The Patient's Lament

October 1, 2002
Wayne Koberstein
Wayne Koberstein

Wayne Koberstein, a 25-year veteran of the publishing industry, is editor-in-chief of Pharmaceutical Executive magazine. In 14 years as PE's Editor, he has overseen the emergence of the magazine as the leading business and marketing publication for the global pharma industry. He has interviewed and profiled more than 150 top executives in pharmaceutical companies, as well as major regulatory and healthcare leaders, around the world. Wayne has also directed the launch of numerous supplements and other ancillary business for the publication.

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I was wondering whether I could take any more pain, when the moment slowed to a crawl. Pain wakened fear. Eternity lingered alongside. Mortality, grinning over my shoulder, blew a chill breath across the nape of my neck. "Dying would end the pain," I thought. "But I don't want to die like this."

I was wondering whether I could take any more pain, when the moment slowed to a crawl. Pain wakened fear. Eternity lingered alongside. Mortality, grinning over my shoulder, blew a chill breath across the nape of my neck. "Dying would end the pain," I thought. "But I don't want to die like this."

After a period of agony that might as well have contained the birth, life, and death of the universe, I lay trembling, my hair and clothes soaked in sweat. Someone asked me later where I would score the episode on a ten-point pain scale. "For me, it was a ten," I answered. "Nothing ever hurt worse."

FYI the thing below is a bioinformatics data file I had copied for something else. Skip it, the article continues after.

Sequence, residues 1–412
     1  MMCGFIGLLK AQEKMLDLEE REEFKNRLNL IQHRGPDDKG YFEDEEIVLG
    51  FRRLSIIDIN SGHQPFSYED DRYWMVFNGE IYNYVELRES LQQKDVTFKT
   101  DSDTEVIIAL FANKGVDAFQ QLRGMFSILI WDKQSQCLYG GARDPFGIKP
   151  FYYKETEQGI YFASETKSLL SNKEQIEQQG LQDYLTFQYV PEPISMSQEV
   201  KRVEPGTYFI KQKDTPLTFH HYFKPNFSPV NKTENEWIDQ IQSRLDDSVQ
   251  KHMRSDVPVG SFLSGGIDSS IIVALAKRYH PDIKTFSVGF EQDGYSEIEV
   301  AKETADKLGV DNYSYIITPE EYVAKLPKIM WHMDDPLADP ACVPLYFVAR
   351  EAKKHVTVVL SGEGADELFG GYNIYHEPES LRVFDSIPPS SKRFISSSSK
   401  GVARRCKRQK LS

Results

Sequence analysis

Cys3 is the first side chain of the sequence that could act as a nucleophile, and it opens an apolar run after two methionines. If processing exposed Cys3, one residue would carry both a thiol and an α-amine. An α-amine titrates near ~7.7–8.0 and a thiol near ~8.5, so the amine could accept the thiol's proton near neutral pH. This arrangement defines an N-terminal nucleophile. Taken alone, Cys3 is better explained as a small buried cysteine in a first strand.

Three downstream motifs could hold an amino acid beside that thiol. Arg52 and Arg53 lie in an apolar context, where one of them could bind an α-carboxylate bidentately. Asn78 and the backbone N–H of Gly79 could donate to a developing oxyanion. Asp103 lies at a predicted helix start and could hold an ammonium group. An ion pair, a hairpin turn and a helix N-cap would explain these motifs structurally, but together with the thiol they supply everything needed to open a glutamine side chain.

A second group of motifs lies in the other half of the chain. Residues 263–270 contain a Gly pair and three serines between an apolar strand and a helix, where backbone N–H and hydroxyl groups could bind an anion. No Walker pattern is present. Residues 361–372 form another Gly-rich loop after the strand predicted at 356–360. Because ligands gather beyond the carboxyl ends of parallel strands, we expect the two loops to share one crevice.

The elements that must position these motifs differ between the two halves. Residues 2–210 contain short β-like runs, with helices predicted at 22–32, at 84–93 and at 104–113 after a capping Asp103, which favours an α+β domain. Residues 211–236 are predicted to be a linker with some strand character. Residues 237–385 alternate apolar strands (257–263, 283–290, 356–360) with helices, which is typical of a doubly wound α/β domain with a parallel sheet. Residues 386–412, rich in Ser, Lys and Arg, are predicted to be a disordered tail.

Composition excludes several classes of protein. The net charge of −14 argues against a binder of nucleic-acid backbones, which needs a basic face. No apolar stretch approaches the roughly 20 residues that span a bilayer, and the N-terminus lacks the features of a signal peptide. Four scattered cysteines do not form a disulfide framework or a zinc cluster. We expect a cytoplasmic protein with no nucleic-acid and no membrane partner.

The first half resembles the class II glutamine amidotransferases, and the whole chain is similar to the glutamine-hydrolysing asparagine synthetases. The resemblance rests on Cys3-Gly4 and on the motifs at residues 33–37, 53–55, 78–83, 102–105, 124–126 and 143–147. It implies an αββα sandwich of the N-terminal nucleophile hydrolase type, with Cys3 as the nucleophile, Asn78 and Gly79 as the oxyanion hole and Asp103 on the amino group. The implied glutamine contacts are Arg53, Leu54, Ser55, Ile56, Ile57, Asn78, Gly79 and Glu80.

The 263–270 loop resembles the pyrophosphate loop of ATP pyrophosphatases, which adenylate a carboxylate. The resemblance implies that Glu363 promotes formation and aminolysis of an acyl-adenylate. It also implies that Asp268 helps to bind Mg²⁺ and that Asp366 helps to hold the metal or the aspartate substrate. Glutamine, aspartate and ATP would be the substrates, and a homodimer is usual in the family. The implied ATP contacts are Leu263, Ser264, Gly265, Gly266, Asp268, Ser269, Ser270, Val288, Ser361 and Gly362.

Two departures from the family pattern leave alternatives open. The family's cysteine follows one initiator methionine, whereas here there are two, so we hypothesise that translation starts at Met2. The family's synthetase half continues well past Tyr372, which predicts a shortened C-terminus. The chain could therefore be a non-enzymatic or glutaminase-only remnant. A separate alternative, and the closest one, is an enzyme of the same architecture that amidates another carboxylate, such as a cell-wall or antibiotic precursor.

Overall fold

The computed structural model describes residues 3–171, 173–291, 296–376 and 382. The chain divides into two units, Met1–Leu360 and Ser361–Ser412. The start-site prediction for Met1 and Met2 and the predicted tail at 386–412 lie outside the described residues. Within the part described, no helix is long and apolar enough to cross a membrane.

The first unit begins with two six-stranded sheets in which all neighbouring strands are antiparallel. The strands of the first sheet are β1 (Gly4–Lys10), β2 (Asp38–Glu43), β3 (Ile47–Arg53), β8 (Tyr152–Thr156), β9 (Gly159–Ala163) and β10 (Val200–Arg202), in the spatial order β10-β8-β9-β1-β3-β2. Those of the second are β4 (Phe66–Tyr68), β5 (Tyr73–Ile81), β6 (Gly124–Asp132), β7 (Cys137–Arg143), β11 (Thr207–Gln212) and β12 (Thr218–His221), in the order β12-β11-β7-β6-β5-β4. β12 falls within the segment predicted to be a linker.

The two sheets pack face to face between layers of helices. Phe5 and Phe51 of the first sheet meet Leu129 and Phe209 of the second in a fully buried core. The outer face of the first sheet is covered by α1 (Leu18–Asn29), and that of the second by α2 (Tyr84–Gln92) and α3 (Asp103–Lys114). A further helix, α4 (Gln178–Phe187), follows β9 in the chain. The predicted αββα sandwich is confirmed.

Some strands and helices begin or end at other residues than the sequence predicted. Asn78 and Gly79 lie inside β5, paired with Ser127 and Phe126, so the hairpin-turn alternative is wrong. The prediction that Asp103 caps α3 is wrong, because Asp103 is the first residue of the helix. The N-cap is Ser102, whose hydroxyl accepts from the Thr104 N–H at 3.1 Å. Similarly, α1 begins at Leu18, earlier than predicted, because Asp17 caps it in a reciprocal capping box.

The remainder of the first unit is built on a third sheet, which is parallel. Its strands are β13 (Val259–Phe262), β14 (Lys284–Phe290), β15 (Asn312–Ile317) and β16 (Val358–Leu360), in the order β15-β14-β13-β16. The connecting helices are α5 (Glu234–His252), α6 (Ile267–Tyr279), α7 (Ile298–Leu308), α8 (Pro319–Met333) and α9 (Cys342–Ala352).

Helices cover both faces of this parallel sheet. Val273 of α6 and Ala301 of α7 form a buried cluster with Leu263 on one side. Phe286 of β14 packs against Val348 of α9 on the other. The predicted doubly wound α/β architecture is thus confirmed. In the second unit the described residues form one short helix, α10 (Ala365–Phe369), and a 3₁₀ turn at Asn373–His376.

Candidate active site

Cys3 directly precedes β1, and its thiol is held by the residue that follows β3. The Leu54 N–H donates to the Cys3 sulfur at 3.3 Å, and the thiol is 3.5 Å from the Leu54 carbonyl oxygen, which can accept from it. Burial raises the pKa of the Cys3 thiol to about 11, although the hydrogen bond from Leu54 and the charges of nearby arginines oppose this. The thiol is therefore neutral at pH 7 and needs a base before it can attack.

Yet, as I said it, even before ending the sentence, I knew that some people's experience of ten must be much more extreme. It's just that you can't calibrate the scale by someone else's measure. Each person must suffer in solitude, in the isolation of a single body. No one has a proxy for pain.

Now that the episodes have grown chronic, they no longer make me afraid; I know they aren't going to kill me. But others must live with the knowledge that their pain leads only to more suffering and death.

O, where is the power that can defeat this enemy?

Besides the sufferer's inner sources of courage, spirit, or faith, modern medicine-and medicines-offer the only hope. When I, the patient, seek earthly salvation from symptoms or cause, pharmaceuticals most often furnish it. Be it pill, lozenge, I.V., or any other delivery form, physical substances work miracles like no spell or charm ever known. Saying I have faith in those wonders might be putting it a little strong. Reliance is a more fitting word, because it implies no deification. I merely rely on medicines as I would any high-performance product of technology. Unlike the healing spirits in other cultures or in our past, pharmaceuticals never demand worship, only respect, for their powers.

Alas, that leaves the patient with loads of general reassurance but little dedicated attention. Human beings do not heal by drugs alone. In the lurch of dire pain, I share this plea with all other sufferers: Look at me. Treat me. Care for me.

All patients want one-on-one attention and solutions. It's not that each person has no feeling for others. Rather than lacking compassion, I wish relief for everyone else as well. But because I suffer alone, as an individual-and others do as well-I must demand individual care.

Pharmaceutical companies have only begun to understand patients as a group. What can they do for a solitary patient? Besides, don't doctors serve the individual?

Answers to both questions defy simplicity. As a patient, I can only say that companies may do little now, but if they hope to do more, they must begin by listening to me-and all others like me. Hear my plea, my lament-the stark outpouring of just one person in pain.

In time, through careful listening, companies may learn enough to develop medicines that meet my needs so well that they seem designed especially for me. With such tools, a new generation of doctors could find it easier to see each patient as a unique person, rather than as representative of a population. Until that day, I share with all patients this human plaint: If you have nothing to give the individual, you have nothing to give the group.